Friday, February 01, 2013

Green Car Tech: Workhorses Trump Thoroughbreds?

Fisker Karma at 2013 DC Auto Show

Yesterday I made my annual trek to the Washington Auto Show, which hosts a media day before opening to the public.  Between the show's focus on policy--a natural draw inside the Beltway--and the opportunity to connect with OEM contacts, it's always worthwhile.  Besides, the cars never look the same on a screen or printed page as they do in person.  Yet despite all of that, this year's show left me with what I regard as a healthy form of disappointment: Unlike past years, which provided my first opportunities to see--and sometimes drive--cutting-edge cleantech cars like the Chevy Volt and Nissan Leaf, I saw ample signs of evolutionary change but no new revolutions in the offing. 

A few data points to support that conclusion: First, the Fisker Karma, undeniably sleek and reminiscent of my favorite Hot Wheels® car of long ago, was arguably the most exotic car there.  It sat unattended and largely ignored.  More significantly, the 2013 Green Car Technology Award announced at the show by Green Car Journal went to Mazda's "SkyACTIV" suite of technologies.  These include improvements in engines, transmissions and chassis that Mazda plans to roll out across its fleet, along with the North American launch of a clean diesel version of its Mazda6 sedan later this year.  Among the other finalists were Ford's stop-start and EcoBoost technologies, Fisker's "EVer" plug-in hybrid powertrain, and Fiat's Multi-Air gasoline engine efficiency package.  Half the candidate technologies related to EVs and hybrids, while the other half focused on making conventional cars incrementally more efficient--in the process raising the bar that EVs and hybrids must vault.   

Yesterday's policy day also provided a chance to meet with the team from Robert Bosch, LLC, which among its many business lines supplies under-the-hood gear for clean diesels and efficient gasoline cars, as well as hybrids.  Our conversation focused on clean diesel, which remains the least-appreciated big-bang fuel efficiency option in the US, despite its wide adoption in Europe, where diesels enjoy about a 50% share in "take rate", reflecting consumers' choices when more than one fuel option is available in a given model.  Diesel take rates range from 30-60+% here, too, but with only 20 diesel models available in the US last year--many of them German luxury models--overall diesel penetration in new cars was just under 1%.  That could start to change this year. Bosch's Andreas Sambel, Director of Diesel Marketing and Business Excellence, indicated 22 new models slated for 2013 introduction, with the total increasing to 54 models by 2017.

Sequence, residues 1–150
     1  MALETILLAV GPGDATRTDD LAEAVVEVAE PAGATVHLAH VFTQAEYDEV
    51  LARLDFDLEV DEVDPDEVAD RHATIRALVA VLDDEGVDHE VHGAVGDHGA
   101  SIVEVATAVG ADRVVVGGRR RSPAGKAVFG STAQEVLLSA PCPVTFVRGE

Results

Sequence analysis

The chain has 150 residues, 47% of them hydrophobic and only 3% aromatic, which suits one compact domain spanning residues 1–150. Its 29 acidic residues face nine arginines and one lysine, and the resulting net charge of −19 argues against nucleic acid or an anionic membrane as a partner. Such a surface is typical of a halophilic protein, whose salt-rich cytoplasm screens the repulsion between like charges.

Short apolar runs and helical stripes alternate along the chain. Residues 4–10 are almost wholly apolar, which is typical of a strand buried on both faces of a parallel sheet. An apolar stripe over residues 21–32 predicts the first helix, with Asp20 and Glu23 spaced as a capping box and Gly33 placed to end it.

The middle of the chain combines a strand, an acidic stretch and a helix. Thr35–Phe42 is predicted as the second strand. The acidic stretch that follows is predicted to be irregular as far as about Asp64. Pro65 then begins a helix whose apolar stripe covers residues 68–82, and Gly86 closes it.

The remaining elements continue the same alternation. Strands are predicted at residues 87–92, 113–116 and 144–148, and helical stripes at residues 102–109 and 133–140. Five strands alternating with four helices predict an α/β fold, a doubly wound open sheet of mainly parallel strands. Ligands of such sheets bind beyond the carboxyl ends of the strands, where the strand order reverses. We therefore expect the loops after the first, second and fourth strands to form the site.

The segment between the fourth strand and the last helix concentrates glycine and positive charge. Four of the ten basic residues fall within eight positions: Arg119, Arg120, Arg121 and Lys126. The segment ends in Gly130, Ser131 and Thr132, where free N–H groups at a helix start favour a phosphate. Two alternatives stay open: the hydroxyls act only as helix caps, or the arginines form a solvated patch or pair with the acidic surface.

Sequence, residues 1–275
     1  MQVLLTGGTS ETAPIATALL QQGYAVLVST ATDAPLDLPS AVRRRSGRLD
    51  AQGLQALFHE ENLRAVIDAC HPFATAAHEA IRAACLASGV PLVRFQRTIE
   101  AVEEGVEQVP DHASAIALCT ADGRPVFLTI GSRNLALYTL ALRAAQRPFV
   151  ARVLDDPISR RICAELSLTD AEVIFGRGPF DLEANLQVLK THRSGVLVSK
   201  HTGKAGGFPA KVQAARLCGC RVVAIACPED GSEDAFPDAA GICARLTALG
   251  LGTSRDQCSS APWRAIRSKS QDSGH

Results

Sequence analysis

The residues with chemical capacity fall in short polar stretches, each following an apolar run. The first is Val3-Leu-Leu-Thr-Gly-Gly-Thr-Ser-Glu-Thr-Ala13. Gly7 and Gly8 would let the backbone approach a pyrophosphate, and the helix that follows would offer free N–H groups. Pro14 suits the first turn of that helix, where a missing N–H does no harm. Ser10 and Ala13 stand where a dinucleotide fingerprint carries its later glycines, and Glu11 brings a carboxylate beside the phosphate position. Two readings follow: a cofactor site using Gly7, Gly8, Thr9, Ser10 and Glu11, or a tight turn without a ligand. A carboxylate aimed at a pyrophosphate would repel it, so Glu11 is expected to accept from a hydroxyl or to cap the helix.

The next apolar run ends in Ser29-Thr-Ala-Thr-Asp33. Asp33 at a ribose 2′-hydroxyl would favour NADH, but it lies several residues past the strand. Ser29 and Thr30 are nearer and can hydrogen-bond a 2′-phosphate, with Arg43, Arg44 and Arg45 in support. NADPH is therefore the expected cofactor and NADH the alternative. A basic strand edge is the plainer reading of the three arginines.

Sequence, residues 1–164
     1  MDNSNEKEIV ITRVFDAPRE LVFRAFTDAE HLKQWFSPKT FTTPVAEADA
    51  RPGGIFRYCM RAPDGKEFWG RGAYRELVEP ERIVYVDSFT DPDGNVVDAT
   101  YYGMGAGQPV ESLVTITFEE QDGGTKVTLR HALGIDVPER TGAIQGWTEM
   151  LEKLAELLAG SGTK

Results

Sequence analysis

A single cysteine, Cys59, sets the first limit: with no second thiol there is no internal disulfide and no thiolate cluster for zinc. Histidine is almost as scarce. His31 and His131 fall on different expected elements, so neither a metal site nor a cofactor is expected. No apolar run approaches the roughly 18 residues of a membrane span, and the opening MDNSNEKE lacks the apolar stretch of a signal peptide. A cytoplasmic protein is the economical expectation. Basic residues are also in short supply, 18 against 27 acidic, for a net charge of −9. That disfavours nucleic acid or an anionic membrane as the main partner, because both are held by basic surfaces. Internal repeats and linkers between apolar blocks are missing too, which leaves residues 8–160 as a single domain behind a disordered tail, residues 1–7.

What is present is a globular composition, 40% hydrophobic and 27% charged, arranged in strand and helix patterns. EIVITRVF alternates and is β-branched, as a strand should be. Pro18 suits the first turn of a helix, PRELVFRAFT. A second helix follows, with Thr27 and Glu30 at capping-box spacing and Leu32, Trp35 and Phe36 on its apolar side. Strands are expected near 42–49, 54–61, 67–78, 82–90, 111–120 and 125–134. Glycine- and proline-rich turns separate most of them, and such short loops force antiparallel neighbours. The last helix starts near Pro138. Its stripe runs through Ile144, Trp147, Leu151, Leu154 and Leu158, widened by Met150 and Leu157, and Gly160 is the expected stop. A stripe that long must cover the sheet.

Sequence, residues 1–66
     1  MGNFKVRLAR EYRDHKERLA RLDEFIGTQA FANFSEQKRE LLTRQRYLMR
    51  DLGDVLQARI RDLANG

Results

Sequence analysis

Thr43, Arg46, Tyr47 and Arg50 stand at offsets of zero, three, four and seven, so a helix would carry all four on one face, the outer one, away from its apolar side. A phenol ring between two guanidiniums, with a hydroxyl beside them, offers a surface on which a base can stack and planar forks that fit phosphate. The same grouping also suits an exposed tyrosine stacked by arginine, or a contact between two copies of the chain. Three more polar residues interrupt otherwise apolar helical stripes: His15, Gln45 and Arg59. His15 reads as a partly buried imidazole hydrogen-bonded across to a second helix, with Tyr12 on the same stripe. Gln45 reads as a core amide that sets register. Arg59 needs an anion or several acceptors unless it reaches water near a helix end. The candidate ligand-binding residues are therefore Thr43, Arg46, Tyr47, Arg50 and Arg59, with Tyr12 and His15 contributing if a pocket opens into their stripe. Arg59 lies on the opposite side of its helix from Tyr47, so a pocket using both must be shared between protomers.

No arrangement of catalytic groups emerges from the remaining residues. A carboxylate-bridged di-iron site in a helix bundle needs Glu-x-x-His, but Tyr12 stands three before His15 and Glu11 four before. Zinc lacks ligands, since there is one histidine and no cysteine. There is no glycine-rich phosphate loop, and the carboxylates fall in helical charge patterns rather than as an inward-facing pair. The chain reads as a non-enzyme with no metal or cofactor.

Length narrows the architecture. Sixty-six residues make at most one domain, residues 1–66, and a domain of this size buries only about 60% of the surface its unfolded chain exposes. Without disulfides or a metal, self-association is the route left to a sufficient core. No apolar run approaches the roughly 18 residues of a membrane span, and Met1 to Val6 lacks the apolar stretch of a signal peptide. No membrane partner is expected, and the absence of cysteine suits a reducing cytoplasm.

We also discussed future improvements in diesel passenger car technology.  Bosch sees ample opportunities to maintain diesel's edge over steadily improving gasoline-engine efficiency.  Possible enhancements include engine downsizing, higher injection pressures (already 29,000 psi), the addition of stop-start, and combustion improvement via something called "digital rate shaping"--my jargon takeaway of the day.  I was surprised to hear that diesel-hybrid models are already available in Europe, since conventional wisdom holds that doubling down on two expensive efficiency strategies can't be cost-effective.  Mr.Sambel offered the view that hybrids are becoming a distinct market segment, and that fuel choice within that segment will appeal to some buyers.  I'll have to watch for further signs of this intriguing development.  I certainly concur with his take that there is unlikely to be a one-size-fits-all solution.  Don't expect an imminent winner among the proliferating powertrain and fuel choices available to motorists, including biofuels and CNG/LNG.

This year's DC Auto Show includes a wide selection of nicely sculpted steel and glass, but at least from a "green car" perspective the technologies that made such a big splash a few years ago are becoming a bit mundane.  That's just as well.  EVs still haven't taken off, yet, with only 53,000 sold in the US last year out of a much-recovered 14.4 million car total, despite lavish tax incentives.  However, with oil prices stubbornly high and US gasoline prices on the verge of setting new records for this time of year, the evolutionary improvements in fuel economy that were honored and displayed at the DC Convention Center will find plenty of takers.  For the near-term they'll contribute far more to saving oil and reducing emissions than a few more EVs could.

1 comment: said...

Hybrid vehicles are more common than pure electric vahicles, because the presence of two motors(one electric and one thermal) allows to use these means even for long journeys. Instead electric pure means due to the limited independence of batteries (which does not exceed 100-150 Km) can be used only for traveling in urban areas. However, thanks to the remarkable technological developments of recent years into the future electric vehicles will surely ensure superior performance.